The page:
A semi-circle of rabbits sat in front of a smouldering coal that someone had stolen from a nearby farm. They’d taken a leaf of dried tobacco and set it over the coal, filling the hall with a heady scent. They were pacifists, extremists who eschewed all violence, even self-defence. Nin—the traveller, the seeker—had come to stay and learn from them.
Spirits were high, and the mood was light. The group talked idly among themselves until an old rabbit, missing bits of his tail and with a scar over one eye, asked for silence.
“The problem, of course, is violence,” the old rabbit began. “Most would agree it is reasonable to defend oneself from attack—self-defence. One’s own life and liberty are of paramount importance.”
And Nin agreed that this was the case.
The old rabbit frowned. “And so violence is permissible,” he said. “Of course, the self is not so special, merely one voice among many. If one is willing to defend themselves, it is reasonable to defend others too: the old, the weak, the helpless.”
Nin agreed that this was so.
“And so violence is prudent. Now, if you are willing to use violence to stop violence, it follows that using violence to prevent violence is also acceptable. Why must we wait until the fangs are bared and at our throats?”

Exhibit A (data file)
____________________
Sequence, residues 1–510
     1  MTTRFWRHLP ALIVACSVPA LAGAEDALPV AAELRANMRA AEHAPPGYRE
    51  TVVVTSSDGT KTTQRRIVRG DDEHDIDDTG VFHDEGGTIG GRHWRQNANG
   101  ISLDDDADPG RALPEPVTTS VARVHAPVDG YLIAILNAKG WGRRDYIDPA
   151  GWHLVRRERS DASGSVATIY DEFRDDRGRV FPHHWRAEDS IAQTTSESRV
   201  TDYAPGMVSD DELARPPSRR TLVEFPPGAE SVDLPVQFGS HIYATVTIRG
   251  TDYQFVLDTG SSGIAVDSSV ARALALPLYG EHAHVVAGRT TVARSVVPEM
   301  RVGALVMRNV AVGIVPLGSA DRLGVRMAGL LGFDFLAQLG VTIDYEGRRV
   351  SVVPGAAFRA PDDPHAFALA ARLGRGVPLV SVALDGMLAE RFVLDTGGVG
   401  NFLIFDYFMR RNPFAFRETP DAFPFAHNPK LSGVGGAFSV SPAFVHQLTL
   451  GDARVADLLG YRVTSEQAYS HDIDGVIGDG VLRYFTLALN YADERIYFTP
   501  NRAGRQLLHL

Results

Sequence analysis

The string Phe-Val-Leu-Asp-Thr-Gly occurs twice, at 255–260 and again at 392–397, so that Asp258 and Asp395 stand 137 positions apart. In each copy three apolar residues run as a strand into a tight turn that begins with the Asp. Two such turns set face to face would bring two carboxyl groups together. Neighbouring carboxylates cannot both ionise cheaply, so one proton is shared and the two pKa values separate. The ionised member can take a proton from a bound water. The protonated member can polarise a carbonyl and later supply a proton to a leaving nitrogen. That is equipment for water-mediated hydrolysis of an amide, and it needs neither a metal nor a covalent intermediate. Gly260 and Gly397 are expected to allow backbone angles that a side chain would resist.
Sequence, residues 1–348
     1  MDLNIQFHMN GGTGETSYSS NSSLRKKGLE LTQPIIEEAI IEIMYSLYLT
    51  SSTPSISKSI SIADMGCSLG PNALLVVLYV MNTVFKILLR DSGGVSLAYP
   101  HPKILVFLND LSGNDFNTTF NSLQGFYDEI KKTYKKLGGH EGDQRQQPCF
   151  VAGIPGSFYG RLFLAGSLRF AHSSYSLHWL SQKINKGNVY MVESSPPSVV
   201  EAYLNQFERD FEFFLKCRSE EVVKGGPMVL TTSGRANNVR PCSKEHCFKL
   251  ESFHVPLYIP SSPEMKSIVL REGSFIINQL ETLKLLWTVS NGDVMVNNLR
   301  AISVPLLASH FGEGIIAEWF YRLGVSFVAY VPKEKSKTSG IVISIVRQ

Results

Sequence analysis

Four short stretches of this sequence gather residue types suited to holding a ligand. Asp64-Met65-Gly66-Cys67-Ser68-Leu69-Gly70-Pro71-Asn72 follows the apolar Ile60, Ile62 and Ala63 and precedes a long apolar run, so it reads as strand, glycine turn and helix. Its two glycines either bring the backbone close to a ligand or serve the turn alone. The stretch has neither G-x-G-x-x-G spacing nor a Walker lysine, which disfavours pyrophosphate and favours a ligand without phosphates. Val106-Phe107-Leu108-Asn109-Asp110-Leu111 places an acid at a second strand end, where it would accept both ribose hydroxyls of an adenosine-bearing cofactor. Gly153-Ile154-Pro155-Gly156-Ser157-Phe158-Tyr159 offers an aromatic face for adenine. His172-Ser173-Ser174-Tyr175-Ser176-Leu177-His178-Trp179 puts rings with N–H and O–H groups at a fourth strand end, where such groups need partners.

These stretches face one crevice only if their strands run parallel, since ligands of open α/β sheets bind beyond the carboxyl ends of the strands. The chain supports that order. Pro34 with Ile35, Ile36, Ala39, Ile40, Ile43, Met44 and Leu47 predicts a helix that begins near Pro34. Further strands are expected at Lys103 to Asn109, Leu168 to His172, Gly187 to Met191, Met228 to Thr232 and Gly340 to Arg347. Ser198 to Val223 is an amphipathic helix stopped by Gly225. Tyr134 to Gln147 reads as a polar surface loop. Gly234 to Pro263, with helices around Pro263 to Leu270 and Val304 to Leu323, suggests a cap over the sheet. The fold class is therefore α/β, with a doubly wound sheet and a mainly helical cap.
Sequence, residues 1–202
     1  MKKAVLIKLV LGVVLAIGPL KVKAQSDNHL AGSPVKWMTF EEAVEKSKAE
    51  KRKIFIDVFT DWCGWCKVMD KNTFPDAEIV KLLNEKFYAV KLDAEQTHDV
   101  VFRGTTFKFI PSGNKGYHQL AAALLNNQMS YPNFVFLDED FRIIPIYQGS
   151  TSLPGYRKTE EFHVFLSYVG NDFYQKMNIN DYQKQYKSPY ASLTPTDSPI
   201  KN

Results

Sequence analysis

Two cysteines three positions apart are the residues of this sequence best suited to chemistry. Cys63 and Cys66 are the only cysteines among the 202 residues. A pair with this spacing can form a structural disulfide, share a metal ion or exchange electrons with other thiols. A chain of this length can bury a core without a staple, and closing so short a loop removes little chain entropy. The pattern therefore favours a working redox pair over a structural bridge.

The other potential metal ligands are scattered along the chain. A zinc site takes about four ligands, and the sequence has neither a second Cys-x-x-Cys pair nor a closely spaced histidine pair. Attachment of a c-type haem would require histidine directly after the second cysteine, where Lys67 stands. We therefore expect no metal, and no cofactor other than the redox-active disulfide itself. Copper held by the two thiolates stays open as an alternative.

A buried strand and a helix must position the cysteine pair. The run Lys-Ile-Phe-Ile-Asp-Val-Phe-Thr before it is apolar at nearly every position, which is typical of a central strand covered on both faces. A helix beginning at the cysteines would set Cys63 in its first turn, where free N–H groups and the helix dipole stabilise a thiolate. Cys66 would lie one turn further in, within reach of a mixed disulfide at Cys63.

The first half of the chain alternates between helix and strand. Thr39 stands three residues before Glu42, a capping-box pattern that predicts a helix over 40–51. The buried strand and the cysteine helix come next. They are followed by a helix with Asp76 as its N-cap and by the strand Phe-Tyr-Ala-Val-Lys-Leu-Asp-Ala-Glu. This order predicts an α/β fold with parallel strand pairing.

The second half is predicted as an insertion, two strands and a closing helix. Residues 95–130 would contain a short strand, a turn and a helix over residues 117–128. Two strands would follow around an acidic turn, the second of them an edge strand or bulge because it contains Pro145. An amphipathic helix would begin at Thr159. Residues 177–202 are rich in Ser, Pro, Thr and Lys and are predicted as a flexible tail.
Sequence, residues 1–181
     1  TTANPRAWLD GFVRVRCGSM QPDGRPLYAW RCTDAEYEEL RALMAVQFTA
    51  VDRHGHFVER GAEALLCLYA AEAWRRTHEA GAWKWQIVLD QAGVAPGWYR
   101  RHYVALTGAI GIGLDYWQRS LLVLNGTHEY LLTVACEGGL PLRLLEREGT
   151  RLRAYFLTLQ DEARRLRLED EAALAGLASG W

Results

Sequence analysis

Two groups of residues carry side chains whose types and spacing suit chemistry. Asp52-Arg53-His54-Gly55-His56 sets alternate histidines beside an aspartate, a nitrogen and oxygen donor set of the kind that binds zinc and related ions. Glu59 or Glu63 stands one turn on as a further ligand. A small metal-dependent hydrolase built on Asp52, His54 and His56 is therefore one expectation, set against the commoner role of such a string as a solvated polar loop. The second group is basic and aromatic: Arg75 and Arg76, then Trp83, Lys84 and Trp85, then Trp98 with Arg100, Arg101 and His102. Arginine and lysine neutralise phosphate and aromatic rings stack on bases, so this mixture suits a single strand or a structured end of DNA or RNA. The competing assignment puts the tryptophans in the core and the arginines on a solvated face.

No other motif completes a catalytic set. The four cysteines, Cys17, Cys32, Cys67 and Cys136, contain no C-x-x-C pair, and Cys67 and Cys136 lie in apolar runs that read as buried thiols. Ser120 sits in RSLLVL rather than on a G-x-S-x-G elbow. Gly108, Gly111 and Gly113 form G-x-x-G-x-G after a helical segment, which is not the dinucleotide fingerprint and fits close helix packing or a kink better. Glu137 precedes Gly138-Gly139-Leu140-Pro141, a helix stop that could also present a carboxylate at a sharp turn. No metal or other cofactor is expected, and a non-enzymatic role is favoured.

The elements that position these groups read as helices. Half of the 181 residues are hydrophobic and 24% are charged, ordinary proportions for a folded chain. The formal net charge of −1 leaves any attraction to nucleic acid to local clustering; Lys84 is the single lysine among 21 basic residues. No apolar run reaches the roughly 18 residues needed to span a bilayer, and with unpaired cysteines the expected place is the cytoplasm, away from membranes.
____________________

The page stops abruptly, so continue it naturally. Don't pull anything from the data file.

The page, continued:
This too, made sense to Nin.
“And so violence is proactive. But not all violent acts are as direct, immediate and personal as a pair of fangs. If you are weighing the lives of a large enough group of rabbits, you must consider attacks of an impersonal nature. Obstacles that are or may be inhibiting quality of life, that are killing rabbits through indirect means—insecurity, injustice, inequality, fascism, barbarism and so forth.”
“And so violence is just,” reasoned Nin.
The old rabbit sighed and leaned back. “It is through this chain of reasoning that entire populations of rabbits—rabbits who are naturally opposed to war—can be driven to commit atrocities against their own kind.” He turned to Nin, the stranger. “The only way to prevent this outcome is to deny the first presupposition—that violence can ever be permissible.”
Nin puzzled over this problem for many days, and although he didn’t completely agree with the old rabbit’s reasoning, he couldn’t find fault with it either.